Being a regular girl is work enough—God knows what being a Cosmogirl entails. A tolerance for fruitinis? The ability to exist on salad alone? The shamelessness required to "[come] to bed in a soaking wet white tee shirt"? We've been gleefully following Cosmopolitan blogger Leo (Smith '07)—her blog's narrative is "one socially awkward girl's attempts to transform into a sexy, social butterfly." At first, we pointed and laughed like bullies—but it was only because deep down, we all feel awkward. We teased her about her use of the word "[doing] the grown-up" as a euphemism for sex, and how she wondered aloud if playing the field was "immoral". We also said that "increasingly, watching her thirty-day evolution at the hands of people who professionally suggest 'how to be a total man-magnet' is like watching a gazelle getting torn apart by hyenas." That was bitchy. But we were rooting for her all along. Leo's written her goodbye post, and we were worried: did the Cosmo machine spit out a Cosmotini-swilling, Choo-wearing girl-droid in the shape of their brand?Writes young Leo:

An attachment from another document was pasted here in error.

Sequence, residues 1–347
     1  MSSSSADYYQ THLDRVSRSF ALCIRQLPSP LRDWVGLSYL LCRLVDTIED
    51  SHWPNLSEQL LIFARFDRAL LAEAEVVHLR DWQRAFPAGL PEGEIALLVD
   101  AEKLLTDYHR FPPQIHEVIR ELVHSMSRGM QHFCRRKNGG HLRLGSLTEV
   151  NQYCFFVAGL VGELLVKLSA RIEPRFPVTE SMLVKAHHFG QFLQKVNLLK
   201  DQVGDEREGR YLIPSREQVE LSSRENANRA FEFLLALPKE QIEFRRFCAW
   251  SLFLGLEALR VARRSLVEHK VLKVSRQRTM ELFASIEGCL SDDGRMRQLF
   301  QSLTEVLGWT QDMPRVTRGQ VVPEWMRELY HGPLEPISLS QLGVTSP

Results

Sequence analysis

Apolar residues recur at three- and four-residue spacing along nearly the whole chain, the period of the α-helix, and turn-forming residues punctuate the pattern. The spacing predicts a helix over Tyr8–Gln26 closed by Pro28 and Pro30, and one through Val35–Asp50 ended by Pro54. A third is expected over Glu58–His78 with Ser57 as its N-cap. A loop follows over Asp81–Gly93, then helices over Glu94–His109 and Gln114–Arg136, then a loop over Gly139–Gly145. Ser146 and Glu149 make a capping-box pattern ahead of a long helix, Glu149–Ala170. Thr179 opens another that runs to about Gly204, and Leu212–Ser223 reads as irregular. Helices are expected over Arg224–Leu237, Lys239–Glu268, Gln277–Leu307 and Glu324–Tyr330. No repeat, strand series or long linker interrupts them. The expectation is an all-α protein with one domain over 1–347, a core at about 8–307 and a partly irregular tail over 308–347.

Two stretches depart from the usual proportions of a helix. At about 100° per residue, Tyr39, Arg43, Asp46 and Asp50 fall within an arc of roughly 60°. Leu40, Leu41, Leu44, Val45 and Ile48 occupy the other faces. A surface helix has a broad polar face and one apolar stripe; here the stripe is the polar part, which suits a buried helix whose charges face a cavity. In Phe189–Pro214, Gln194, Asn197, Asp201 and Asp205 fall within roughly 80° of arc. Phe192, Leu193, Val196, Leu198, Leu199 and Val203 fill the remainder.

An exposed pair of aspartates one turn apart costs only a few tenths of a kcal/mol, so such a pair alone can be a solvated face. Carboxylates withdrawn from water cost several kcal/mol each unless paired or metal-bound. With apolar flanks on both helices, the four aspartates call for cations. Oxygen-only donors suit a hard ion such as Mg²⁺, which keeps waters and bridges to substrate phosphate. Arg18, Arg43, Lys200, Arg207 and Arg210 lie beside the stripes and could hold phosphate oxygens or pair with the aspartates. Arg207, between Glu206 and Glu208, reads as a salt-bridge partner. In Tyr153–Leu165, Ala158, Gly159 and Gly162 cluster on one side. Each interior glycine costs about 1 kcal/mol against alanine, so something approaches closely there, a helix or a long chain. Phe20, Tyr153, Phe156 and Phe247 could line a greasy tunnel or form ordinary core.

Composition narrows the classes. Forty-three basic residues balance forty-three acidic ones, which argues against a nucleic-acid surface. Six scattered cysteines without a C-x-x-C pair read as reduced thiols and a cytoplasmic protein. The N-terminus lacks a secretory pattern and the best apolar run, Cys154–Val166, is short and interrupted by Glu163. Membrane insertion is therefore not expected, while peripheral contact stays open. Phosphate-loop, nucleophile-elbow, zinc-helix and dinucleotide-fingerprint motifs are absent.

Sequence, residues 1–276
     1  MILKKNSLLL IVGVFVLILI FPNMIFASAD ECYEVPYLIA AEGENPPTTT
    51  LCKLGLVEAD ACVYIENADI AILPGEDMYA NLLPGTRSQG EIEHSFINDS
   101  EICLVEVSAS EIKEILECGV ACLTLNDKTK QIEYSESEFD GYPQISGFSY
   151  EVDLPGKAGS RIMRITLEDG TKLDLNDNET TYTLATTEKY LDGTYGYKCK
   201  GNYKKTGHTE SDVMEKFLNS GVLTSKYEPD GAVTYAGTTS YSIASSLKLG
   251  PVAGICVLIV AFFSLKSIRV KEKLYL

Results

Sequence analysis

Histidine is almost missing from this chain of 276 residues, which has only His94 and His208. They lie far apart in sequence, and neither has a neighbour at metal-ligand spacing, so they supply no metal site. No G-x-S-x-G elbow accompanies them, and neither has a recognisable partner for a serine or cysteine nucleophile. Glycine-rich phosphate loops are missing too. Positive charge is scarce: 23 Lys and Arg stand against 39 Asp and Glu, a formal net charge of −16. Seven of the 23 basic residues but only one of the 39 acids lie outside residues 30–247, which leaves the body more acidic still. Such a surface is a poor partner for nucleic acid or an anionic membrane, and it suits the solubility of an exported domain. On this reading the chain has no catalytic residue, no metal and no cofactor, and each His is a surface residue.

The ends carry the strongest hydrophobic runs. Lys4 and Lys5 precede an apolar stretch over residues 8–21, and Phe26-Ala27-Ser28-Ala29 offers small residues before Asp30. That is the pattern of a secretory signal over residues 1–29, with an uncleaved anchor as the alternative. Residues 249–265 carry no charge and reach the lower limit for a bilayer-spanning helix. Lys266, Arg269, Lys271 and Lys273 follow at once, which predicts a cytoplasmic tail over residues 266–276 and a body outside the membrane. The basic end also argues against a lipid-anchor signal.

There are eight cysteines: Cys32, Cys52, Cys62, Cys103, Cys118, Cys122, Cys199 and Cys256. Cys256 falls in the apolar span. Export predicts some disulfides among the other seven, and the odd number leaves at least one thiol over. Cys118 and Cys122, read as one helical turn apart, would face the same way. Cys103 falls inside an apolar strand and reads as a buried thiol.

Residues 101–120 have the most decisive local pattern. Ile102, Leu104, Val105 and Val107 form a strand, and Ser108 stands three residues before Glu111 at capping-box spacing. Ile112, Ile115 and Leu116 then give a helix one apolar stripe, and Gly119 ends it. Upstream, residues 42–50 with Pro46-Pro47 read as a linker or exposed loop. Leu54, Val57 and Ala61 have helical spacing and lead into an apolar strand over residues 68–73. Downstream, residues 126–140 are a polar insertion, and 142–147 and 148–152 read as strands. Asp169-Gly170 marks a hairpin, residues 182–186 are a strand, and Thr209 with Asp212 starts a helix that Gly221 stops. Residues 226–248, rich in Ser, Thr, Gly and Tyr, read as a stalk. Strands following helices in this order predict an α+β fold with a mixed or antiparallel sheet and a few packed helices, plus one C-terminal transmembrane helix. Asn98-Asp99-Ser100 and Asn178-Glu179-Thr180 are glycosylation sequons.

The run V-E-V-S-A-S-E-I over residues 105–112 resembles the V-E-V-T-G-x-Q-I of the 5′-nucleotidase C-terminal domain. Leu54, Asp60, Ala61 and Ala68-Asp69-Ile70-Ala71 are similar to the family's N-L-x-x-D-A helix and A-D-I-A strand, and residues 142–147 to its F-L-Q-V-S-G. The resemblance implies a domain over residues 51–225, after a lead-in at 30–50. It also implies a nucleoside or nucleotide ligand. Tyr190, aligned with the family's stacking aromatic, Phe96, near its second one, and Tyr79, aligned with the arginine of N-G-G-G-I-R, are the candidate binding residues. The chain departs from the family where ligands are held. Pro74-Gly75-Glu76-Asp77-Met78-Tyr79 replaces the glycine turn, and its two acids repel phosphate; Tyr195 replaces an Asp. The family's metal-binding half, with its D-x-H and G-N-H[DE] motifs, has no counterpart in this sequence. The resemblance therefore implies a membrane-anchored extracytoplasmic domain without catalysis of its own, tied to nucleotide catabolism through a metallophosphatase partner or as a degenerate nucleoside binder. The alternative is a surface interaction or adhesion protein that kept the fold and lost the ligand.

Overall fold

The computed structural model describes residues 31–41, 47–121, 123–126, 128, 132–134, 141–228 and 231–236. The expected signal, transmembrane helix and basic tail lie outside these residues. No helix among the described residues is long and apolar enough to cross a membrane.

Well, first of all: try posting it on the internets, under your real name, on the Cosmo website! Have we learned nothing about the perils of dateblogging? For what it's worth, our favorite Cosmogirl, recent Smith grad Leo, has tried everything. Including consulting Cosmo's sex articles for advice! (Noooo, girl, those aren't real.) So just how bad was it? Details, plz!
We haven't checked in on young Cosmo web assistant Leo (Smith '07), in awhile. She's blogging about life as a Cosmogirl-in-Training; it's subtitled "one socially awkward girl attempts to transform into a sexy, social butterfly." Last time, we worried that her catty Hearst coworkers were brainwashing the sweet 22-year-old into becoming a typically snide, jaded young maglady. It's sort of working! Now she's wondering about "playing the field"—you know, dating a guy, but not exclusively. Is it "immoral"?